A fracture (sometimes abbreviated FRX or Fx, Fx, or #) is a discontinuity or break in a bone. There are more than 150 fracture classifications (see this Wikipedia entry). Five major ones are as follow:
- Incomplete: Fracture involves only a portion of the cross-section of the bone. One side breaks; the other usually just bends (greenstick).
- Complete: Fracture line involves entire cross-section of the bone, and bone fragments are usually displaced.
- Closed: The fracture does not extend through the skin.
- Open: Bone fragments extend through the muscle and skin, which is potentially infected.
- Pathological: Fracture occurs in diseased bone (such as cancer, osteoporosis), with no or only minimal trauma.
- Prevent further bone/tissue injury.
- Alleviate pain.
- Prevent complications.
- Provide information about condition/prognosis and treatment needs.
- Risk for Trauma — Fracture Nursing Care Plan (NCP)
- Acute Pain — Fracture Nursing Care Plan (NCP)
- Risk for Peripheral Neurovascular Dysfunction — Fracture Nursing Care Plan (NCP)
- Risk for Impaired Gas Exchange — Fracture Nursing Care Plan (NCP)
- Impaired Physical Mobility — Fracture Nursing Care Plan (NCP)
- Impaired Skin Integrity — Fracture Nursing Care Plan (NCP)
- Risk for Infection — Fractures Nursing Care Plan (NCP)
- Knowledge Deficit — Fractures Nursing Care Plan (NCP)
- Fracture stabilized.
- Pain controlled.
- Complications prevented/minimized.
- Condition, prognosis, and therapeutic regimen understood.
- Plan in place to meet needs after discharge.
Diagnostic Studies for Fracture
- X-ray examinations: Determines location and extent of fractures/trauma, may reveal preexisting and yet undiagnosed fracture(s).
- Bone scans, tomograms, computed tomography (CT)/magnetic resonance imaging (MRI) scans: Visualizes fractures, bleeding, and soft-tissue damage; differentiates between stress/trauma fractures and bone neoplasms.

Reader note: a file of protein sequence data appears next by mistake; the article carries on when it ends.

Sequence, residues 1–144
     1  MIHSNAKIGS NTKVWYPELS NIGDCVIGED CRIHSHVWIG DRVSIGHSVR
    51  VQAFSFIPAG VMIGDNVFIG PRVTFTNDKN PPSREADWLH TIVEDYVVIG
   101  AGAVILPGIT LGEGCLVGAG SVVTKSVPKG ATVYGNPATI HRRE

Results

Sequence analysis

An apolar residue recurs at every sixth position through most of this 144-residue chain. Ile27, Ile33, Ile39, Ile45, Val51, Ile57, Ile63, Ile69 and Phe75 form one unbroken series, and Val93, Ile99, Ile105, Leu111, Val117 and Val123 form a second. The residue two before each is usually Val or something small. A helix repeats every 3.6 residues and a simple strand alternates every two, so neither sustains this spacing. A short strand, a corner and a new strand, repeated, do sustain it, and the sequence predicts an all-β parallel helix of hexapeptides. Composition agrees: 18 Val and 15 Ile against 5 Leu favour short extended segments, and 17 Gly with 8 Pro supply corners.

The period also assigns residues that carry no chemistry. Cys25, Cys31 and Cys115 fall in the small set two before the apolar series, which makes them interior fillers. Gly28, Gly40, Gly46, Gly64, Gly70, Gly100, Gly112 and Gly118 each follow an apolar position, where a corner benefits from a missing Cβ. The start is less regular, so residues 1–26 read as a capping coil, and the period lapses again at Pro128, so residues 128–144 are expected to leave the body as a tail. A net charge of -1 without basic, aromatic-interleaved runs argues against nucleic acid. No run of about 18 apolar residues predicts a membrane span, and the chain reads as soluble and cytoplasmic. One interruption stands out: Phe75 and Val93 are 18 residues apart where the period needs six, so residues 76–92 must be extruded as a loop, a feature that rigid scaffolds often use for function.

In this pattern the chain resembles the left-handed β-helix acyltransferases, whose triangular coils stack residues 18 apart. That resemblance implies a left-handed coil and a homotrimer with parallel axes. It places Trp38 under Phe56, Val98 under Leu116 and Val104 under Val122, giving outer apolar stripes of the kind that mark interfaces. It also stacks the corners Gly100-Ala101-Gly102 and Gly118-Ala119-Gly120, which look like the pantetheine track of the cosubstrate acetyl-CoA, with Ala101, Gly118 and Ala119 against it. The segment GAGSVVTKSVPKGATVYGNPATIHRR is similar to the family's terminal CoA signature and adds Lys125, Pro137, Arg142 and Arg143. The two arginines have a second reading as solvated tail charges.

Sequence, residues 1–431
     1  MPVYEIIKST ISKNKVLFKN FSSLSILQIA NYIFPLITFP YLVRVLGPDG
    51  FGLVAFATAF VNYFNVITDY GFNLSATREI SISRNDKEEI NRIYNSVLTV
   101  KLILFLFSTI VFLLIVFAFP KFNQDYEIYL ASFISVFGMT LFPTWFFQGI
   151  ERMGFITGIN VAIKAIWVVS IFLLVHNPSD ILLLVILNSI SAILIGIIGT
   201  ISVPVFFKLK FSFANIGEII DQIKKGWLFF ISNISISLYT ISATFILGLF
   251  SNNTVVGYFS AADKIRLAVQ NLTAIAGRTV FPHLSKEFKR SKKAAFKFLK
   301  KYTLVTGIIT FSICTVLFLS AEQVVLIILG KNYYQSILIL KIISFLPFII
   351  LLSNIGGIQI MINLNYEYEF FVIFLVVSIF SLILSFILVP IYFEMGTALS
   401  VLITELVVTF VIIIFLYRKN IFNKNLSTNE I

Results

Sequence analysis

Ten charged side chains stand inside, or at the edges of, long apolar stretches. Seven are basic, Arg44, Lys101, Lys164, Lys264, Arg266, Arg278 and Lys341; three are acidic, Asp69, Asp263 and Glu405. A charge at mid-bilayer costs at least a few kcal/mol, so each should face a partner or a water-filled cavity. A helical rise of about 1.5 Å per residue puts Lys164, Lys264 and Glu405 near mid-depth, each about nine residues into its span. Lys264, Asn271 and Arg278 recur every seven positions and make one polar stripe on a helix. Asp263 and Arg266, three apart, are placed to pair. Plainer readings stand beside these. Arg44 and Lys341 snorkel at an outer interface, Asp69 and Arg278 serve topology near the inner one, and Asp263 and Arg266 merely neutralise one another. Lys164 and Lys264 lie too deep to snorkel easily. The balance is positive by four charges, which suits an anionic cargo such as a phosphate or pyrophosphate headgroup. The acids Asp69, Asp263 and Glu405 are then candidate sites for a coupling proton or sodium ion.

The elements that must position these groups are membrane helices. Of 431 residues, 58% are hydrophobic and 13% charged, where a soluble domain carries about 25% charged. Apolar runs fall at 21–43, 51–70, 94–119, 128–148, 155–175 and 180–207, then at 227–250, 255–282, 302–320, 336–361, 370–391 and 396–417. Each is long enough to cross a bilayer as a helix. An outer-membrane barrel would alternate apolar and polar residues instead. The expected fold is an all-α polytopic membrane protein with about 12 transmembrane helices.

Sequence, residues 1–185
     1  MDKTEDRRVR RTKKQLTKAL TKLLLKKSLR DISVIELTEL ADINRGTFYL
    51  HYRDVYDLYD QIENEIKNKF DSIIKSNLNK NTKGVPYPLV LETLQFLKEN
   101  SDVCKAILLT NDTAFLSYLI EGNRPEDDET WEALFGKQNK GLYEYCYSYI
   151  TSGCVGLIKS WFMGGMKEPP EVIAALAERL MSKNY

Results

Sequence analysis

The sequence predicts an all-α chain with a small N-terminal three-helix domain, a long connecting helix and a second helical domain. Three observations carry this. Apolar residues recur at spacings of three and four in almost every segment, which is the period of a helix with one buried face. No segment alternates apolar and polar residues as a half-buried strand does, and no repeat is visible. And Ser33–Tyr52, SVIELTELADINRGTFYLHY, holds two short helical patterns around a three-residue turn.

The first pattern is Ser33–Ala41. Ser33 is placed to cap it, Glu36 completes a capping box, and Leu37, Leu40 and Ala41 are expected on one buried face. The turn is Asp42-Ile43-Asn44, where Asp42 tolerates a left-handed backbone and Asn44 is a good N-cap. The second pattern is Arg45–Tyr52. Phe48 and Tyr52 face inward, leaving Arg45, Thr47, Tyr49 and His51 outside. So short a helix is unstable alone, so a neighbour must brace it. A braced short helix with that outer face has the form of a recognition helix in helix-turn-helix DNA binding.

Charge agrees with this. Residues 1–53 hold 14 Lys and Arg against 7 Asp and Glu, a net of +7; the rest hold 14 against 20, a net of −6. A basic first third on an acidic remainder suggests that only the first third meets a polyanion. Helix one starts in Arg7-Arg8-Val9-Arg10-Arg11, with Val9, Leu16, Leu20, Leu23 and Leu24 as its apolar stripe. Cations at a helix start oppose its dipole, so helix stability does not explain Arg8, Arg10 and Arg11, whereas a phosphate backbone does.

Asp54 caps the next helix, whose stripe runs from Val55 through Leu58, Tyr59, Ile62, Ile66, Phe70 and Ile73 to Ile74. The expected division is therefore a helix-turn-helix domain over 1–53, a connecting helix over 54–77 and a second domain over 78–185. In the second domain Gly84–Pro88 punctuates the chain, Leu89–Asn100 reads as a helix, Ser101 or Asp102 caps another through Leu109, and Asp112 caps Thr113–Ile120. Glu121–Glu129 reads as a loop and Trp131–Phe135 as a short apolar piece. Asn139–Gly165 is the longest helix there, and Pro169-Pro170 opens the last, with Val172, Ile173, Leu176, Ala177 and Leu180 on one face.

- Arteriograms: May be done when occult vascular damage is suspected.
- Complete blood count (CBC): Hematocrit (Hct) may be increased (hemoconcentration) or decreased (signifying hemorrhage at the fracture site or at distant organs in multiple trauma). Increased white blood cell (WBC) count is a normal stress response after trauma.
- Urine creatinine (Cr) clearance: Muscle trauma increases load of Cr for renal clearance.
- Coagulation profile: Alterations may occur because of blood loss, multiple transfusions, or liver injury.
- Trauma, risk for—loss of skeletal integrity, weakness, balancing difficulties, reduced muscle coordination, lack of safety precautions, history of previous trauma.
- Mobility, impaired physical—neuromuscular skeletal impairment; pain/discomfort, restrictive therapies (limb immobilization); psychological immobility.
- Self-Care deficit—musculoskeletal impairment, decreased strength/endurance, pain.
- Infection, risk for—inadequate primary defenses: broken skin, traumatized tissues; environmental exposure; invasive procedures, skeletal traction.
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